Travel and Wait Times Are Longest for Health Care Services and Result in an Annual Opportunity Cost of $89 Billion

Research Brief | February 22, 2019 | Corwin N. Rhyan

Accessing professional health care services required on average 34 minutes of travel and 11 minutes of waiting, a burden that hasn’t changed over the past 11 years.

According to data analyzed from the Bureau of Labor Statistics’ American Time Use Survey from 2006 thru 2017, both health care travel and wait times were the longest when compared to other professional services like legal services, personal care, vehicle repair or even government activities like obtaining a permit/license. Waiting times for health care services in particular were much higher than the other service categories, over twice the length of the next closest, veterinary services. The time spent traveling and waiting for health care services on a day when an individual got care was over 50% of the time spent actually receiving care—45 combined minutes traveling & waiting vs. 76 minutes receiving care (data not shown). Among all time spent on health care related activities (self-care, assisting others, receiving professional care, waiting and travel), travel and waiting for care accounted for 19.7% of the total time spent, on average over two minutes a day or an hour per month.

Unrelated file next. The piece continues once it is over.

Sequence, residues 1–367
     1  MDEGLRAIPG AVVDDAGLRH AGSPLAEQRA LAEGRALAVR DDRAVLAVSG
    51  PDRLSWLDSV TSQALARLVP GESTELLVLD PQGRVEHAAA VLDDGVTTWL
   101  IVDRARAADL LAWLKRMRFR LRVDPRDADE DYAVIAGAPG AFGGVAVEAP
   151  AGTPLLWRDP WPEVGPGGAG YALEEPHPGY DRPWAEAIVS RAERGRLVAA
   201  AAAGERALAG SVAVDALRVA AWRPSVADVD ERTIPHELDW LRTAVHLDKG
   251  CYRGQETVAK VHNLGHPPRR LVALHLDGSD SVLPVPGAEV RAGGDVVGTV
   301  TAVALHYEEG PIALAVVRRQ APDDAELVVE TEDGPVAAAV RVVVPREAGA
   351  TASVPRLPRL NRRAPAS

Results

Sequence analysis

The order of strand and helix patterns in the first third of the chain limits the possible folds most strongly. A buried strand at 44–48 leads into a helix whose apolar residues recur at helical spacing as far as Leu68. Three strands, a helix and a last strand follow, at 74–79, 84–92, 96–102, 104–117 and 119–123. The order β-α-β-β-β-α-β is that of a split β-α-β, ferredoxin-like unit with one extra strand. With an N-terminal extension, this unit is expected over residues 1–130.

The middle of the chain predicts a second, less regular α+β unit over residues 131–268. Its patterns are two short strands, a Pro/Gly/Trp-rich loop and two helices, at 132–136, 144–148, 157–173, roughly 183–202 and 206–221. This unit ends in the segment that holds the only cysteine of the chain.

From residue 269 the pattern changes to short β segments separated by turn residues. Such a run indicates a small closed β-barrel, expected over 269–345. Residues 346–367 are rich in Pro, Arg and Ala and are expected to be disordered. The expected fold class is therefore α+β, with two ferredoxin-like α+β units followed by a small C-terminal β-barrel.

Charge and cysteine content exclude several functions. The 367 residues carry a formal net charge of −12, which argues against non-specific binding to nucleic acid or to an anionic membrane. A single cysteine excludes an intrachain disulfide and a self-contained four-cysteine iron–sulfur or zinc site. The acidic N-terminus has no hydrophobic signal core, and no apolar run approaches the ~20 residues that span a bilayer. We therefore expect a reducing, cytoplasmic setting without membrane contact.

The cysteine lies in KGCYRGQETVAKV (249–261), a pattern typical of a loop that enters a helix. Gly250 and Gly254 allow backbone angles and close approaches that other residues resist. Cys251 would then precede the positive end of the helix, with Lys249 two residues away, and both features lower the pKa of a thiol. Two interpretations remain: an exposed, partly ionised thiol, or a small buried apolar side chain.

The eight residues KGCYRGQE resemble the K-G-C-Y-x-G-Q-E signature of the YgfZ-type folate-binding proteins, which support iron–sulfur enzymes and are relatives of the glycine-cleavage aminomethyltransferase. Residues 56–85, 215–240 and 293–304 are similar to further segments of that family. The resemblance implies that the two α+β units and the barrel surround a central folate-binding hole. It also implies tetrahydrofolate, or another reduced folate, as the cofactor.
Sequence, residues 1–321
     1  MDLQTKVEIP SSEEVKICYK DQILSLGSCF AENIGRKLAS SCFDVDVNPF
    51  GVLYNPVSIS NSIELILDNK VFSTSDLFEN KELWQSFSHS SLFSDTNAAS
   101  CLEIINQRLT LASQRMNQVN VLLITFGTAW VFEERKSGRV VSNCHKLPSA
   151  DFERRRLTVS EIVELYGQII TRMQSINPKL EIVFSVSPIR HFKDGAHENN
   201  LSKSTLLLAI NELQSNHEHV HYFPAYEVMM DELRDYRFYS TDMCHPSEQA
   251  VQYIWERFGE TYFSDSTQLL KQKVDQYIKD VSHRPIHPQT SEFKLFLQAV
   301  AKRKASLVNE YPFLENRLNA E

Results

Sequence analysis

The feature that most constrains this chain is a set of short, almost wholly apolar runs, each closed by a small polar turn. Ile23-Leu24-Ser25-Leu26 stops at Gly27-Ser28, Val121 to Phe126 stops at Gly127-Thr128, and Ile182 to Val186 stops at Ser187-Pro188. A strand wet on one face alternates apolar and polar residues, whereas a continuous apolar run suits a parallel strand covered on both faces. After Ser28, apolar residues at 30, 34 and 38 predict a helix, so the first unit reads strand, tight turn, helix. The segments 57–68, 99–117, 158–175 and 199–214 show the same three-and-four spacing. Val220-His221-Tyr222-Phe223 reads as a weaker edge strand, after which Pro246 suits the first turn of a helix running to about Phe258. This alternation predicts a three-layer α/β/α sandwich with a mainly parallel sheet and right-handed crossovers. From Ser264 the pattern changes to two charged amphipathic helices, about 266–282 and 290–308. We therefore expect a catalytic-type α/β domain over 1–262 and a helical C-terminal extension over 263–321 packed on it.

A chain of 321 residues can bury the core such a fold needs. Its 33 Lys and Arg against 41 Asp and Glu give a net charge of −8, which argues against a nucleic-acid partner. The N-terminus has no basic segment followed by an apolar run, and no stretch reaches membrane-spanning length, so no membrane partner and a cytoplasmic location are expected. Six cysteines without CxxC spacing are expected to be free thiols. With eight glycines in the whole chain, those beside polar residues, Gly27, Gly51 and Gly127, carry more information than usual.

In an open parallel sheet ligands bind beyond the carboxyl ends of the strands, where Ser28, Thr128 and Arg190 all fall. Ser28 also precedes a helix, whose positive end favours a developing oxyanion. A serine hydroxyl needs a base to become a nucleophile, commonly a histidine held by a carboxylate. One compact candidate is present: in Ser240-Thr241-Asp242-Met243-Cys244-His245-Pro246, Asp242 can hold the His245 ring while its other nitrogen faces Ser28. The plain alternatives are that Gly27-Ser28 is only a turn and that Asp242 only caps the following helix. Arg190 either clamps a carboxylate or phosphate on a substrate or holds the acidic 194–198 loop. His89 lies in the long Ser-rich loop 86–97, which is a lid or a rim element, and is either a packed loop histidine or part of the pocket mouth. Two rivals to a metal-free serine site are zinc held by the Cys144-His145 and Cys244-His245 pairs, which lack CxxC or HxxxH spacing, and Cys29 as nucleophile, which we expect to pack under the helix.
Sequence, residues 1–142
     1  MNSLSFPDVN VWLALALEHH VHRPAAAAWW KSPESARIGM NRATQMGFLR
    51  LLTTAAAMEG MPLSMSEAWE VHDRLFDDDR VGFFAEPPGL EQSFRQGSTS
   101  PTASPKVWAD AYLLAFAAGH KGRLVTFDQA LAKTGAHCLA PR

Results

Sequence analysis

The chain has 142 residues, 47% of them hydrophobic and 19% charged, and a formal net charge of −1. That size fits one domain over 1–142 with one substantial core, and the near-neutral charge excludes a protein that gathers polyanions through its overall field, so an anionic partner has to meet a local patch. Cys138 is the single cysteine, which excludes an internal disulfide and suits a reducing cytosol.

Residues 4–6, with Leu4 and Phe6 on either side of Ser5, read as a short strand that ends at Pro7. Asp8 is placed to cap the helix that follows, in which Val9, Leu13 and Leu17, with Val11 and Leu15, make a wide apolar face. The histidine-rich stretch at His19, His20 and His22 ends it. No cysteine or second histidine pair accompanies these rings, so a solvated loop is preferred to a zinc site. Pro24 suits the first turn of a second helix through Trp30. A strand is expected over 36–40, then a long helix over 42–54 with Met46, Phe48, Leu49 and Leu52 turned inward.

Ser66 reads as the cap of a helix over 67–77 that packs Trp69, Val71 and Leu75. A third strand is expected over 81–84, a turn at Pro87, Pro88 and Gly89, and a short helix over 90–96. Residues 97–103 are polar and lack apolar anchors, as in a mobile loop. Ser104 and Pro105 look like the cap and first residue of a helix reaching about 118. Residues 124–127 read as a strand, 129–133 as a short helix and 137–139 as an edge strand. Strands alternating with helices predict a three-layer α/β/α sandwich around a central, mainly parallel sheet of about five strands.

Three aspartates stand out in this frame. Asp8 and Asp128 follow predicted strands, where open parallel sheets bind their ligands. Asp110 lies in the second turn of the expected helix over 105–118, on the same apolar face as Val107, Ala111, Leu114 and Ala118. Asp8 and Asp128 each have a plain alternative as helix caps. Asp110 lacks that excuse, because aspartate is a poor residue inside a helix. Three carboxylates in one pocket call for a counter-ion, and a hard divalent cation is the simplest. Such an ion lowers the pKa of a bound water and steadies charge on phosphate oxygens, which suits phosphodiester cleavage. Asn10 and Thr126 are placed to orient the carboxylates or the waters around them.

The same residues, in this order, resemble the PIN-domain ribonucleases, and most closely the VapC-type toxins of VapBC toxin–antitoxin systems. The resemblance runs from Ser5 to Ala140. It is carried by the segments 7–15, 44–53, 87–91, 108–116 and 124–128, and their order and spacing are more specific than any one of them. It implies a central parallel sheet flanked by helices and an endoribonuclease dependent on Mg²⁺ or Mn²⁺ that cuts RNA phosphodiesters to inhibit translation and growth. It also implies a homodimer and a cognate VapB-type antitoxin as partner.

Chart showing average travel and wait times for professional services

Time spent on travel and waiting for care is an underappreciated burden of the US health care system. It results in a significant cost on patients, as individuals must forgo either leisure, work, or home activities in order to see a professional. When quantified by applying an individual’s hourly wage as an approximate measure of the economic cost of time spent, travel and waiting costs averaged $89 billion dollars annually from 2006 thru 2017. Despite significant investments in the United States over this period in improving access to health care through better insurance, the use of innovative delivery systems, and advances in digitizing health care records and automating administrative processes, travel and wait times show no discernable improvements in these data from 2006 to 2017. Travel and wait times represent an important measure of quality as they are key metrics of patient experiences and the time burden of care is a known hurdle for individuals seeking access to medicine.

Chart showing average travel and wait times for professional care remain constant from 2006 to 2017

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